Building Your Brand

branding guidelines

How do clients and prospects distinguish you from other agents? Sure, they might associate you with your agency, but what then? How do you even set yourself apart from anyone within your own agency? These are important questions to ask, and if you can’t answer them, then you need to work on building your brand.

If branding isn’t the number one way companies draw interest from their target audience and then build loyalty from that audience, it’s a close second. So what does it mean to build a brand? Think about Mountain Dew. The words “Youth” and “Extreme Sports” are probably the first things that come to mind. While you’re probably not targeting young skateboarders (unless you’re really pushing accident insurance), the point remains the same. Branding is developing the abstract, deeper meaning of your business. What do you stand for? What, other than the product, is your customer really getting from you? In other words, what are you really selling?

The first thing you need to do when developing your brand is come up with a list of words that describe you and your business. These can be core values, products you offer, personality traits, anything. From that list, create your brand statement. Ideally, this will convey what you offer both in the physical sense and abstract sense. For example, a life insurance agent’s brand statement might be “Rest easy, my friend.” The insinuation is that this agent will provide financial peace of mind so you don’t have to worry about money when the end is near…and he is more than just a cold, calculating salesman. (I promise I thought that up on my own before Google-ing it and seeing a thousand different life insurance companies already using some variant of it.)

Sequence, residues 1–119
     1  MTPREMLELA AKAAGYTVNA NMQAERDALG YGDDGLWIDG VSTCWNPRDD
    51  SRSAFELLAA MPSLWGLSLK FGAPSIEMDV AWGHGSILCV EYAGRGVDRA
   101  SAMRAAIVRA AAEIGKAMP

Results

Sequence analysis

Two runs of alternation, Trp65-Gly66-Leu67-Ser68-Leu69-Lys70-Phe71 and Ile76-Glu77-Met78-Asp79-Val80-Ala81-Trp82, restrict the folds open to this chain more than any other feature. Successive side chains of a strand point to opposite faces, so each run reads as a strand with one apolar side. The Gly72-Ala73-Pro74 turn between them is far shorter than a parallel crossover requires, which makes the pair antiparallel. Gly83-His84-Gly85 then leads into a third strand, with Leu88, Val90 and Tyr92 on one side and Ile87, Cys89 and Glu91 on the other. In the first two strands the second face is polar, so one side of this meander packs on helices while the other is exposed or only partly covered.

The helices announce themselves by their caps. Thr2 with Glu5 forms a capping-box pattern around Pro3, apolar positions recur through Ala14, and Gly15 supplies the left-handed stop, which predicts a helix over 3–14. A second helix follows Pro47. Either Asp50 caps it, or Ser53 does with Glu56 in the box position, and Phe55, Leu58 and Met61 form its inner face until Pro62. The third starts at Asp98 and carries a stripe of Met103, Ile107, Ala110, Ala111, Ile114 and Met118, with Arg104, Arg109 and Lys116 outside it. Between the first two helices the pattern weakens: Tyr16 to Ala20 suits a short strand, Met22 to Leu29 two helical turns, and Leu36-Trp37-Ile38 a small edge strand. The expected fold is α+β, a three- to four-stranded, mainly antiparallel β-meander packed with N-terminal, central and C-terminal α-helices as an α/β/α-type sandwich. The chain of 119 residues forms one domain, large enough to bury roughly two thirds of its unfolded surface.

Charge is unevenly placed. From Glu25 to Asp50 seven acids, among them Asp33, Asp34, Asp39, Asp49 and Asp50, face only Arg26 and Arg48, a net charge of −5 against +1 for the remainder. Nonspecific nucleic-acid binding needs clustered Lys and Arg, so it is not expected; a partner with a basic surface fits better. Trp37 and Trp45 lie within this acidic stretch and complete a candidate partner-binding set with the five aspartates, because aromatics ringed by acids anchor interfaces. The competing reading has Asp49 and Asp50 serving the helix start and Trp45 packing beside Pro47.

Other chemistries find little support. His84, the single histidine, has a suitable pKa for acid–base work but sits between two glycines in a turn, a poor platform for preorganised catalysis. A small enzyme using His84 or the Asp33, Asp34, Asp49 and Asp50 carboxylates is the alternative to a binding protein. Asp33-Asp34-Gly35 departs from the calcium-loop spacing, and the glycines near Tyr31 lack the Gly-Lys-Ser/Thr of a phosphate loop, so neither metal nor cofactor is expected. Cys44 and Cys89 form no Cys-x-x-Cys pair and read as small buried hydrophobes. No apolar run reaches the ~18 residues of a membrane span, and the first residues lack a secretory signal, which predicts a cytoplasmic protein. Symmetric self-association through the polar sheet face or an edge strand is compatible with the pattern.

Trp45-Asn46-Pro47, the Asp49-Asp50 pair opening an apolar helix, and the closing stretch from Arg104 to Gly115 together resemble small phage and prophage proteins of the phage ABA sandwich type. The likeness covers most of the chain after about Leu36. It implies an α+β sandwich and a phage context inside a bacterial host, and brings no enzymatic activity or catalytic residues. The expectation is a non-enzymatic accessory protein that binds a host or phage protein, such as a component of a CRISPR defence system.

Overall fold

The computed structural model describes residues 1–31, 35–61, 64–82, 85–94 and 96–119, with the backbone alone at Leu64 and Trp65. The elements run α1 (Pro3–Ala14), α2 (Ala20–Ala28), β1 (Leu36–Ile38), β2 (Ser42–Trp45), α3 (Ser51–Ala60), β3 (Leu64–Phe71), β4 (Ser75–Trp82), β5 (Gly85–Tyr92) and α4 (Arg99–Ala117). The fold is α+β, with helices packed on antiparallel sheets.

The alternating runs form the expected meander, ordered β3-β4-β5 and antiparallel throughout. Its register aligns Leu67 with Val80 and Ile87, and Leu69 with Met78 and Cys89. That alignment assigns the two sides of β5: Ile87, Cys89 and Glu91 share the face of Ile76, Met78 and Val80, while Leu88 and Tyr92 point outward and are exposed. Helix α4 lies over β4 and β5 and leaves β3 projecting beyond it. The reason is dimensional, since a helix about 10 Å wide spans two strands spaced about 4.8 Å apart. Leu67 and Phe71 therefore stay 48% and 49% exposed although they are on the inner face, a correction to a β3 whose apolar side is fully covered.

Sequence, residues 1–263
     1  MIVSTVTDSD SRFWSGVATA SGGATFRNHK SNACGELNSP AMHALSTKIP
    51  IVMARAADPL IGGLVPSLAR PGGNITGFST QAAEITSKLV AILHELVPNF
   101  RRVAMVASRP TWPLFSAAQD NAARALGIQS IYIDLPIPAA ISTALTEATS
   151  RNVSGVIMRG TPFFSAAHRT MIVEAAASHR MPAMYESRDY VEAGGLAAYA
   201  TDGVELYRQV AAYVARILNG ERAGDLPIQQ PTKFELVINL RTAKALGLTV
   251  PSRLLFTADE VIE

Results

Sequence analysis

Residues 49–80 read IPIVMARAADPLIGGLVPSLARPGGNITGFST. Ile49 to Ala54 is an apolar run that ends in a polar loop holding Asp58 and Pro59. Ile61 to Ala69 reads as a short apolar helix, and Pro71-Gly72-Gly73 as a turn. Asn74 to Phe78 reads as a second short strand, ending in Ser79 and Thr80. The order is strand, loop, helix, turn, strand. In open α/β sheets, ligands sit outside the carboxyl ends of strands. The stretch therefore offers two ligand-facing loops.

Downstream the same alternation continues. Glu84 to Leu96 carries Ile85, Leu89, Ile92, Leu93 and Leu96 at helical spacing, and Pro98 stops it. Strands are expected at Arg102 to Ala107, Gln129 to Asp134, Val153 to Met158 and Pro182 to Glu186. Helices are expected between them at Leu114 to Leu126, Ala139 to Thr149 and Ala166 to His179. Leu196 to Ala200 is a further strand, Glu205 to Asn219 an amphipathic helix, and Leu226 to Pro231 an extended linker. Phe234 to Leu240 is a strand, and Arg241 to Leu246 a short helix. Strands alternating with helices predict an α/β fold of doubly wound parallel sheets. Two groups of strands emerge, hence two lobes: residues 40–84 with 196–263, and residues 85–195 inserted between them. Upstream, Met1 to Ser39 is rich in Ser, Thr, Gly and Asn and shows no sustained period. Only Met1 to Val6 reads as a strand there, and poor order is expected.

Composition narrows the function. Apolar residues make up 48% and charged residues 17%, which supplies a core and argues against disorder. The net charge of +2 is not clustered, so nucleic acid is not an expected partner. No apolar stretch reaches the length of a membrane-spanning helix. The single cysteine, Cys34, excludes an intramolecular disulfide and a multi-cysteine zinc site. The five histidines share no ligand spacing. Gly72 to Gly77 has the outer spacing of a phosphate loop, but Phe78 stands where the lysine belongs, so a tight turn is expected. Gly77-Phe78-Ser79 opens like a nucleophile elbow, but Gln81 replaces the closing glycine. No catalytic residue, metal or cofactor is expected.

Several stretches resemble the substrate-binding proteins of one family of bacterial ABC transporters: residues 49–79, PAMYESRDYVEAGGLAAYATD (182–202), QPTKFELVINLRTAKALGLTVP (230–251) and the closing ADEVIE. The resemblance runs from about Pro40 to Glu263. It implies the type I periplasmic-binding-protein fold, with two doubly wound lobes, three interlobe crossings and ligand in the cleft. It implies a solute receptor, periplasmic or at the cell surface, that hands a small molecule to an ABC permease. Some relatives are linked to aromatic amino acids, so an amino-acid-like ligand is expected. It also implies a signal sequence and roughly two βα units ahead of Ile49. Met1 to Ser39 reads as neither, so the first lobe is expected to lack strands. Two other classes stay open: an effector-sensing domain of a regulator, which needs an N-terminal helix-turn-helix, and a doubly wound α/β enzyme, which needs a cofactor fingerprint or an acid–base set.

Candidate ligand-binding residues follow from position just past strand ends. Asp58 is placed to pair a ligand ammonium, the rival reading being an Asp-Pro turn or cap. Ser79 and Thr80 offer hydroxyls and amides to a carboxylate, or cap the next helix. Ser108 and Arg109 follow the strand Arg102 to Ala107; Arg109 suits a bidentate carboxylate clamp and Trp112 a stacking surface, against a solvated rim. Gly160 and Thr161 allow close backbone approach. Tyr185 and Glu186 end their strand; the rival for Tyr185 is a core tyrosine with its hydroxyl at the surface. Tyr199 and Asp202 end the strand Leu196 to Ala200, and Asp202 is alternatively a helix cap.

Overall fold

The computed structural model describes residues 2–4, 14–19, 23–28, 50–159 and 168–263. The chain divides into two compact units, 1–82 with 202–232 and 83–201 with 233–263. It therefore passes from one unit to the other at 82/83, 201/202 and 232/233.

One of the major elements in developing your brand is consistency. You need to stick to your message and reinforce it whenever possible. It may take time, but a repetitive, confident and clear message will give your clients and prospects more of a sense of security and comfort than if you were all over the place with your message. If you can’t commit to your brand, how can your clients?

As always, the more media outlets you use to promote your brand, the faster you’ll distinguish yourself from your colleagues. Facebook, Twitter, LinkedIn, your Web site, local print media, e-mail and direct mail campaigns- all are viable means of spreading the word.

Again, even if you’re with an agency, you need to differentiate yourself from other Agency X agents. It’s great to be able to play off the company’s brand, but that doesn’t say what makes you worth a prospects time and money.

Have you had any particular successes or failures in an attempt to create your own brand?

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